In the Spring Quarter, Christianity remained the religion the majority of staffers identified with, at 20 respondents (32.5%). However, this is a drop from the 27 staffers from Winter Quarter. The second-largest religious identity among staffers continued to be agnostics, forming 20.7% of the staff, although the number decreased from 23 to 12 staffers. The third-largest religious identity remains as Jewish, representing 10 staffers, or 17.2% of staff, dropping from the 17 staffers who identified as Jewish in the Winter. Also remaining in its ranking is the atheist category, which covers 12.2% of staff, representing seven staffers, a drop from the 11 members in the Winter. One staffer identified as Hindu, a rise from the zero staffers in the Winter. Additionally, two staffers identified as spiritual but not religious, six identified as none and five staffers identified as not practicing.
The number of staffers who identified as having disabilities rose from 16.3% in Winter 2023 to 20% in Spring Quarter. Overall, 60 responses were received for this question on the survey. The number of staffers with disabilities continues to be higher than Northwestern’s percentage of undergraduate students registered with AccessibleNU, which according to the University’s most recent diversity, equity and inclusion report (from 2021-2022) is 12.3%. However, we recognize that this does not represent the true number of students with disabilities as not all students are registered due to extenuating circumstances. We utilize the University’s report as a point of reference for the wider NU community as it is the best metric available. While a couple of staffers chose to elaborate on their disabilities, it is of best interest to not publish these responses to respect their privacy.
The Spring 2023 Quarter was the first in which writers both for the magazine and website were asked to send a post-interview demographic survey to all of their sources, regardless of whether they were students, staff or Evanston residents. We only received 27 responses to the survey, a significant drop from the 36 responses in the Winter Quarter, despite having writers share the survey with all sources and explain that it was anonymous.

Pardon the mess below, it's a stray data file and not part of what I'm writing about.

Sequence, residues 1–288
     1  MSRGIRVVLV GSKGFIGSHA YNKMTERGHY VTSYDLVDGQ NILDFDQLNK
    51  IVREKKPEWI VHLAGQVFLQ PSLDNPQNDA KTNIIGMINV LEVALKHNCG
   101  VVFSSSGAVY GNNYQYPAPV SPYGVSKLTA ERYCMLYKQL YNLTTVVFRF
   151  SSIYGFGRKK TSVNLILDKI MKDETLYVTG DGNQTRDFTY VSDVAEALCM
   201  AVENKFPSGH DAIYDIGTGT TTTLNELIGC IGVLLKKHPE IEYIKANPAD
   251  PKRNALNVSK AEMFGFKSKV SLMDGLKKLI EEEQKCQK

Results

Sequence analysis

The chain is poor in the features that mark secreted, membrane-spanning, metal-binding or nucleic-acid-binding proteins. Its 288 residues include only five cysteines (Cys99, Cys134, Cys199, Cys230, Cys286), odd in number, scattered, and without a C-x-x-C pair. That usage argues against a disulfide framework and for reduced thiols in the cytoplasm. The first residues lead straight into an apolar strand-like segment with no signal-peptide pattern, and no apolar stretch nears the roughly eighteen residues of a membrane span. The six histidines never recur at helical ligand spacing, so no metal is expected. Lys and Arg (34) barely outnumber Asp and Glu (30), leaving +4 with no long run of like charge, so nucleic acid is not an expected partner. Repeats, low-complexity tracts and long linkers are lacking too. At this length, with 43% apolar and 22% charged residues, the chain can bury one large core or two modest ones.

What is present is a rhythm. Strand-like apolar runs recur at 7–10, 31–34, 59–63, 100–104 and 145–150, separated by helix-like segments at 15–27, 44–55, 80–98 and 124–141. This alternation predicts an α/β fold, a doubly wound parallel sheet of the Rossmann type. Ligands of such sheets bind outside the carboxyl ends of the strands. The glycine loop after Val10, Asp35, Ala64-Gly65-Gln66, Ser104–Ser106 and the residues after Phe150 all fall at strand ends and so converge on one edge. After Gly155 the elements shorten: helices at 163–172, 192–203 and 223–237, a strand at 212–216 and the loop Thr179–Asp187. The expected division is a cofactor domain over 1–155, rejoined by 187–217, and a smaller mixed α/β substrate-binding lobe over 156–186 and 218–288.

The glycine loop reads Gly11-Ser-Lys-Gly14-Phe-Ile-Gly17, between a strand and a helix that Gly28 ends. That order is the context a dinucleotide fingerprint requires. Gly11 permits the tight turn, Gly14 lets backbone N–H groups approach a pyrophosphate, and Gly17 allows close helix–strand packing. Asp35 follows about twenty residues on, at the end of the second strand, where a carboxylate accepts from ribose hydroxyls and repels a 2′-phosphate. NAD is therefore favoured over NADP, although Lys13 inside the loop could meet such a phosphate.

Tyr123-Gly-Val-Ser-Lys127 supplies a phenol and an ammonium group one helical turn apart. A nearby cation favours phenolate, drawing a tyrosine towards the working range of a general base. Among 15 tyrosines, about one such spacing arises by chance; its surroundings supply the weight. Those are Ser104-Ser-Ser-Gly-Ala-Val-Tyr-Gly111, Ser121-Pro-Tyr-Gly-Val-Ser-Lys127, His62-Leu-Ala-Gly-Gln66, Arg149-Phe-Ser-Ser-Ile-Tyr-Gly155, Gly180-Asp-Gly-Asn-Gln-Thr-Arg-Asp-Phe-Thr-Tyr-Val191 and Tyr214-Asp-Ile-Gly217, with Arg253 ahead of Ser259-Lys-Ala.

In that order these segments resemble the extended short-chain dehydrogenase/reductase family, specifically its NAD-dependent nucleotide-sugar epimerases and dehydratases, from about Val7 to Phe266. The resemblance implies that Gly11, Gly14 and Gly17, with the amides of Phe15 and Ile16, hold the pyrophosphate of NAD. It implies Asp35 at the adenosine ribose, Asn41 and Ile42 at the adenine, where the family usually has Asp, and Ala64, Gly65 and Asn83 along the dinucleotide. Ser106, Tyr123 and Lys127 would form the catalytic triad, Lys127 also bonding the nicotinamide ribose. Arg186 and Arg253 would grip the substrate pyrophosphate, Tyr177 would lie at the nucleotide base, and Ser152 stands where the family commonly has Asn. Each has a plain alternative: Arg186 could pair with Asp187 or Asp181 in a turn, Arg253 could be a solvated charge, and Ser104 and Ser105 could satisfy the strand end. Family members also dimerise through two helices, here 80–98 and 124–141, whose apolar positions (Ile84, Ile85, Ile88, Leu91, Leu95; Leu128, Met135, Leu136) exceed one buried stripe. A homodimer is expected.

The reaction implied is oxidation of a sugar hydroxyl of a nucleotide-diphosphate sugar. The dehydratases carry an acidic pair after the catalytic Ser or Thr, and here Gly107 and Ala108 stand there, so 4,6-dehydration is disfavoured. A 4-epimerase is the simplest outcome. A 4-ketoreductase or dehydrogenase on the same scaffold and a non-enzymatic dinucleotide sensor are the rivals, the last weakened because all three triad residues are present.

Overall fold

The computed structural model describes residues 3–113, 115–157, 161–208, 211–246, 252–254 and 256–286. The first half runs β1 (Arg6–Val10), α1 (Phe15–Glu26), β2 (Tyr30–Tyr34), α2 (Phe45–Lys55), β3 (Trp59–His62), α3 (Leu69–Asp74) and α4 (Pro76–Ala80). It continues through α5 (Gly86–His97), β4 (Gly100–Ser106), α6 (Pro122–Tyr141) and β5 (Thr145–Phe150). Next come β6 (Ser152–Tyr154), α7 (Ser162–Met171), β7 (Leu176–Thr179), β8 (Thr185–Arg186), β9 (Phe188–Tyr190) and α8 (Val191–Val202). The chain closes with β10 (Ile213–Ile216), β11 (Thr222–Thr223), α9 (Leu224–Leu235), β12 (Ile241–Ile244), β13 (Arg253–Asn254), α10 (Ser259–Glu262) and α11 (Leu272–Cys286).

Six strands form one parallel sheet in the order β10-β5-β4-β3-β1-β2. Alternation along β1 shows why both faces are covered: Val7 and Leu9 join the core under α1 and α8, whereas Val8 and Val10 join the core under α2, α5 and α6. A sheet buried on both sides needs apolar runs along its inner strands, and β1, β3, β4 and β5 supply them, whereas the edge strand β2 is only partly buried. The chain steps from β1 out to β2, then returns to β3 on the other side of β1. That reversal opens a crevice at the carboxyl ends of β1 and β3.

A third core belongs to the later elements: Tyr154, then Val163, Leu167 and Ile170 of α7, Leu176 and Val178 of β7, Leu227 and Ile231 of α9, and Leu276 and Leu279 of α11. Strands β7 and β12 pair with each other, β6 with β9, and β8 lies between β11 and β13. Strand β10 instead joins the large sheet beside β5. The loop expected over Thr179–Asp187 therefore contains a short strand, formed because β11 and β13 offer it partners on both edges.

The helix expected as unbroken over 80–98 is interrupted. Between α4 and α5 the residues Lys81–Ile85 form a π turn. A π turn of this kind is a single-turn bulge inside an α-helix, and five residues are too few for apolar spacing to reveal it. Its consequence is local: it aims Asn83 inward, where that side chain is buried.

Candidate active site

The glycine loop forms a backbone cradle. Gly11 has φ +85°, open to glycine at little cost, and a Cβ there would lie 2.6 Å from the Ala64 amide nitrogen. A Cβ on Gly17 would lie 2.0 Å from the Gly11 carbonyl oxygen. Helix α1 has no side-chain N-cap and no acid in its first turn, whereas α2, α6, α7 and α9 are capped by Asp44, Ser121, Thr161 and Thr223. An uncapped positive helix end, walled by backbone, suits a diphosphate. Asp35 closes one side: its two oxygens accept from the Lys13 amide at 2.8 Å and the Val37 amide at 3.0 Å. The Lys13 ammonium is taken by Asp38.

In terms of race and ethnicity, 40.7% of NBN sources identified as white only, the largest demographic, and 33.3% identified as East Asian or East Asian and another identity. Furthermore, 15.8% of sources identified as Black/African American, 5.3% identified as South Asian and another 5.3% identified as Middle Eastern/North African.
Almost all respondents – 16 of them – speak at least one language other than English, including Spanish, Mandarin, Arabic, French, Hebrew and Swahili.
Like Winter quarter, the number of respondents identifying as cisgender women outnumbered those who identified as cisgender men. Cisgender women made up 51.8% of our sources while cisgender men made up 14.8%. A handful of respondents also identified outside of the gender binary as Genderfluid, Non-binary and Questioning, with the total percentage being 14.8%, an increase from 11.3% in Winter Quarter.
For religion, the most chosen categories were Christian and Agnostic where 33.3% of respondents identified as Christian and 22.2% of respondents identified as Agnostic. Of the 27 respondents, 11.1% of sources identified as having no religious affiliation and 7.4% identified as Atheist. Other religions represented include Hindu, Buddhist, Jewish, not practicing, spiritual but not religious and ‘other.’
Like last quarter, 11% of respondents indicated they have a disability. Out of respect for respondent privacy, we are not providing specifications for these disabilities.